Quantitative myocardial perfusion imaging using a step arterial-input function
Journal of Cardiovascular Magnetic Resonance volume 18, Article number: O11 (2016)
Modern MRI myocardial perfusion protocols use rapid venous bolus injections, typically 3-5 ml/s of 5-15 ml of agent over a few seconds. The resulting arterial input functions are rapidly varying with high agent concentrations (Fig. 1A and 1B) and thus typically require high temporal resolution acquisitions (~1 sec), custom pulse sequences and complex processing methods for perfusion quantification. A new myocardial perfusion approach, based on a pseudo step arterial-input function (Magn Reson Med. 2005 Aug;54(2):289-98), is introduced that offers simplified and lower concentration input functions, simplified quantitative data processing and reduced demands for high temporal resolution.
Numerical simulations of whole body vascular systems were used to design optimized venous injection protocols for the generation of step-input-like arterial-input functions targeting the idealized step-input function show in Fig. 1C. A two-compartment numerical model was used to estimate myocardial contrast agent concentration dynamics for conventional (bolus) and step-input protocols.
In-vivo experiments were performed on a Siemens Aera 1.5T (Siemens Healthcare, Erlangen, Germany). ECG-gated saturation-recovery (TS=100 ms) bSFFP images were acquired for 120 heartbeats (1 image/beat, diastasis). Matrix size 224 × 136, rate 2 GRAPPA, 8 mm slice, 1.03 ms TE, 2.5 ms TR, 70° flip. All contrast injections were single dose (0.1 mmol/kg) of Magnevist (Bayer). In-vivo data was acquired in 3 healthy controls and 3 CAD patients, all ~90 days post MI (LVEF = 45%-66%, 61-92 kg). Blood/tissue signal intensities were converted to contrast agent concentrations using a Bloch equation look-up-table approach and myocardial perfusion was estimated with an exponential deconvolution approach.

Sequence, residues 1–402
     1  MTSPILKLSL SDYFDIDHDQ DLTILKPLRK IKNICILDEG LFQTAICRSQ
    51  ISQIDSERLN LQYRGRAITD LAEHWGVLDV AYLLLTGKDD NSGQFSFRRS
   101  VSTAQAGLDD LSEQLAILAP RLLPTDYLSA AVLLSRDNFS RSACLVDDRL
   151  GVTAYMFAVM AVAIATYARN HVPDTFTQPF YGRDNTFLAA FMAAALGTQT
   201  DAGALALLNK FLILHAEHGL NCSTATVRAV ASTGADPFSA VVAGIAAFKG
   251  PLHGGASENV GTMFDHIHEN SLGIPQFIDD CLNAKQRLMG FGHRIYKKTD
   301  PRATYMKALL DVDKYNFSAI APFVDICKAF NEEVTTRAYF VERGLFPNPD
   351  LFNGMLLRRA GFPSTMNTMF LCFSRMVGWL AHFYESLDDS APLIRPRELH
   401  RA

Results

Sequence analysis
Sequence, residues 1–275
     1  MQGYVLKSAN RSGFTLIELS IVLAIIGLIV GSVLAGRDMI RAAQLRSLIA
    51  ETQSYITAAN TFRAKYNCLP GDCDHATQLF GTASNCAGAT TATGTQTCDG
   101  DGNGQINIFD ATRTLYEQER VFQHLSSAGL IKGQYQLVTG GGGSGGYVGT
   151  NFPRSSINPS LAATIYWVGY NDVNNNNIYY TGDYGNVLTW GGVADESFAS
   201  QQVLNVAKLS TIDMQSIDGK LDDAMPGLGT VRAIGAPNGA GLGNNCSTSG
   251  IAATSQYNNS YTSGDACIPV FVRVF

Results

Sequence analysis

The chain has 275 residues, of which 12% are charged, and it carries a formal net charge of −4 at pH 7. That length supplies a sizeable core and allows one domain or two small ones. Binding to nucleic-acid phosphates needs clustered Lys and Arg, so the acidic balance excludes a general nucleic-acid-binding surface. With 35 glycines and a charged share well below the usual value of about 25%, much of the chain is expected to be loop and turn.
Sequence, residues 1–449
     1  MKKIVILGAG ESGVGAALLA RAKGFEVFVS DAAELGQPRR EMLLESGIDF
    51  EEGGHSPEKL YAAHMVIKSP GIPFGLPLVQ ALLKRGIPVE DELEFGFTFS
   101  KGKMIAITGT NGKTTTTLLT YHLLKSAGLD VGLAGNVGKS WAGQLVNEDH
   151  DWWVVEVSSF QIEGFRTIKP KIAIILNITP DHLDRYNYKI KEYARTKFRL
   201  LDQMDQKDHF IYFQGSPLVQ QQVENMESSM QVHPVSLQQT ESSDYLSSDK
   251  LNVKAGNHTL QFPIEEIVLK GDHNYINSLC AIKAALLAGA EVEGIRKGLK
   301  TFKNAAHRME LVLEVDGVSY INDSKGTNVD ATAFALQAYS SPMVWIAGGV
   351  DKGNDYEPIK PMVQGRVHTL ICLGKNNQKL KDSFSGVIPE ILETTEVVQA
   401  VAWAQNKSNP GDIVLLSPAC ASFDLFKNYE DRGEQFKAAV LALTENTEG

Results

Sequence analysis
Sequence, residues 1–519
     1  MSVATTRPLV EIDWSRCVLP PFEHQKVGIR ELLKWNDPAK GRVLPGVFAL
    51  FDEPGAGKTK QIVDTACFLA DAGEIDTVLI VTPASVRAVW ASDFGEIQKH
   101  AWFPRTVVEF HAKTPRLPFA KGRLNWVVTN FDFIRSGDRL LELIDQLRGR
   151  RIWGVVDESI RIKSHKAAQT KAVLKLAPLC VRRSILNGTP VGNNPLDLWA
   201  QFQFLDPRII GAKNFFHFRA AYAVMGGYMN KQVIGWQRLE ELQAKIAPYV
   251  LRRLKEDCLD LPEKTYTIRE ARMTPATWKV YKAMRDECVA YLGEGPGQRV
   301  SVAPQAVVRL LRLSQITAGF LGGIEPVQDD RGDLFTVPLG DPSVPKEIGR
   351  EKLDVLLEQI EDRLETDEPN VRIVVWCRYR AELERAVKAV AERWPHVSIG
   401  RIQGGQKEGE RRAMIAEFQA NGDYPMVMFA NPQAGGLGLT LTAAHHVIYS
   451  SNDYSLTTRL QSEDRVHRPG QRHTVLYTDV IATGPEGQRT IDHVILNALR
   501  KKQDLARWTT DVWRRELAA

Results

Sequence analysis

Optimized venous injection protocols comprised decaying injection rates over ~1 min. with contrast agent dilution to ~60 ml (same protocol for all subjects). Sample blood and tissue time-intensity curves (normalized to baseline) in a healthy subject are shown in Fig. 1B and 1D, for a standard rapid bolus and an optimized step-input injection protocol. Fig. 2A shows arterial inputs for all subjects, and a sample perfusion map in a healthy control and patient are shown Fig. 2B and 2C.
A generalizable injection protocol can generate a pseudo arterial step-input function for a range of subject sizes and heart function, offering several advantages over conventional bolus injections: slower tissue dynamics enable multi-slice imaging with single-slice per heart-beat acquisitions, lower concentrations mitigate T2* and T1 saturation effects and long injection duration avoids recirculation effects. The conventional short tissue "dynamic" window (~10 seconds, Fig. 1B inset) reflects complex bolus injection dynamics; the pseudo-step arterial input reveals a longer window (~60 seconds, Fig. 1D) over which the contrast agent redistributes to the tissue via perfusion (as predicted with compartmental modeling in Fig. 1C).
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Thompson, R.B., Grenier, J., Sonnex, E. et al. Quantitative myocardial perfusion imaging using a step arterial-input function. J Cardiovasc Magn Reson 18 (Suppl 1), O11 (2016). https://doi.org/10.1186/1532-429X-18-S1-O11